What's the difference between an Ave, Rd, St, Ln, Dr, Way, Pl, Blvd etc. and how is it decided which road is what?
Jared Sperli stashed this in fun
everything I found here is either rephrased from an urban planning textbook, wikipedia, or googles define function, I never claimed to be an expert on anything, what I gave here is essentially the most common occuring definition I could find, but many are used interchangeably, how a word is used in vernacular does not change an accepted definition.
- A road has no special qualifiers. It connects point a to point b.
- A street connects buildings together, usually in a city, usually east to west, opposite of avenue.
- An avenue runs north south. Avenues and streets may be used interchangeably for directions, usually has median
- A boulevard is a street with trees down the middle or on both sides
- A lane is a narrow street usually lacking a median.
A drive is a private, winding road
A way is a small out of the way road
a court usually ends in a cul de sac or similar little loop
a plaza or square is usually a wide open space, but in modern definitons, one of the above probably fits better for a plaza as a road.
a terrace is a raised flat area around a building. When used for a road it probably better fits one of the above.
uk, a close is similar to a court, a short road serving a few houses, may have cul de sac
run is usually located near a stream or other small body of water
place is similar to a court, or close, usually a short skinny dead end road, with or without cul de sac, sometimes p shaped
bay is a small road where both ends link to the same connecting road
crescent is a windy s like shape, or just a crescent shape, for the record, above definition of bay was also given to me for crescent
a trail is usually in or near a wooded area
mews is an old british way of saying row of stables, more modernly seperate houses surrounding a courtyard
a highway is a major public road, usually connecting multiple cities
a motorway is similar to a highway, with the term more common in New Zealand, the UK, and Austrailia, no stopping, no pedestrian or animal traffic allowed
an interstate is a highway system connecting usually connecting multiple states, although some exist with no connections
a turnpike is part of a highway, and usully has a toll, often located close to a city or commercial are
a freeway is part of a highway with 2 or more lanes on each side, no tolls, sometimes termedexpressway, no intersections or cross streets.
a parkway is a major public road, usually decorated, sometimes part of a highway, has traffic lights.
a causeway combines roads and bridges, usually to cross a body of water
circuit and speedway are used interchangeably, usually refers to a racing course, practically probably something above.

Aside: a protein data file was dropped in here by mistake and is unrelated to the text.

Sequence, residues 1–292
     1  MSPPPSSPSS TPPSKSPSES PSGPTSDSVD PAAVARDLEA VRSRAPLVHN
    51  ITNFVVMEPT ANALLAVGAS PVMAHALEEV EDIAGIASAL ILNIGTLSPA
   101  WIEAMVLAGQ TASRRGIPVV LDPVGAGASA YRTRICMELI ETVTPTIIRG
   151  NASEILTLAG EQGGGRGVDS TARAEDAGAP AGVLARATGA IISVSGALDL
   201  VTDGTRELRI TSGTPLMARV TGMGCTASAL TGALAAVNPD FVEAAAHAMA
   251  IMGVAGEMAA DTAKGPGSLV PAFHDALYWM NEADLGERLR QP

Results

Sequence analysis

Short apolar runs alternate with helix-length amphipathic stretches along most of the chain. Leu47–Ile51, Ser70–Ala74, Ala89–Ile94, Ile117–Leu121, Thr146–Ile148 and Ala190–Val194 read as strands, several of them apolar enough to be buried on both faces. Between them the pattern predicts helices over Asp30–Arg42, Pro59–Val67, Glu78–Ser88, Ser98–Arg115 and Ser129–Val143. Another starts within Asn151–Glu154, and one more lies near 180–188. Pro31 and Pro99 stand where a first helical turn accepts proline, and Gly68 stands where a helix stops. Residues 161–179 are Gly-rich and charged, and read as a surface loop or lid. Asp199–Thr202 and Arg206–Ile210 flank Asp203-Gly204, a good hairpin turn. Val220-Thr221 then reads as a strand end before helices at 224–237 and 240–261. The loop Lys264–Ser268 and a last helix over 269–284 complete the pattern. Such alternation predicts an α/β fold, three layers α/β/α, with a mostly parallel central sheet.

as the name implies, garden is usually a well decorated small road, but probably better fits an above
a view is usually on a raised area of land, a hill or something similar.
byway is a minor road, usually a bit out of the way and not following main roads.
a cove is a narrow road, can be sheltered, usually near a larger body of water or mountains
a row is a street with a continuous line of close together houses on one or both sides, usually serving a specific function like a frat
a beltway is a highway surrounding an urban area
quay is a concrete platform running along water
crossing is where two roads meet
alley a narrow path or road between buildings, sometimes connects streets, not always driveable
point usually dead ends at a hill
pike usually a toll road
esplanade long open, level area, usually a walking path near the ocean
square open area where multiple streets meet, guess how its usually shaped.
landing usually near a dock or port, historically where boats drop goods.
walk historically a walking path or sidewalk, probably became a road later in its history
grove thickly sheltered by trees
copse a small grove
driveway almost always private, short, leading to a single residence or a few related ones
laneway uncommon, usually down a country road, itself a public road leading to multiple private driveways.
trace beaten path
circle usually circles around an area, but sometimes is like a "square", an open place intersected by multiple roads.
channel usually near a water channel, the water itself connecting two larger bodies of water,
grange historically would have been a farmhouse or collection of houses on a farm, the road probably runs through what used to be a farm
park originally meaning an enclosed space, came to refer to an enclosed area of nature in a city, usually a well decorated road.
mill probably near an old flour mill or other mill.
spur similar to a byway, a smaller road branching off from a major road.
bypass passes around a populated area to divert traffic
roundabout or traffic circle circle around a traffic island with multiple connecting routes, a roundabout is usually smaller, with less room for crossing and passing, and safer
wynd a narrow lane between houses, similar to an alley, more common in UK
drive shortened form of driveway, not a driveway itself, usually in a neighborhood, connects several houses
parade wider than average road historically used as a parade ground.
terrace more common in uk, a row of houses.
chase on land historically used as private hunting grounds.
branch divides a road or area into multiple subdivisions.
Wow that is amazingly detailed and specific.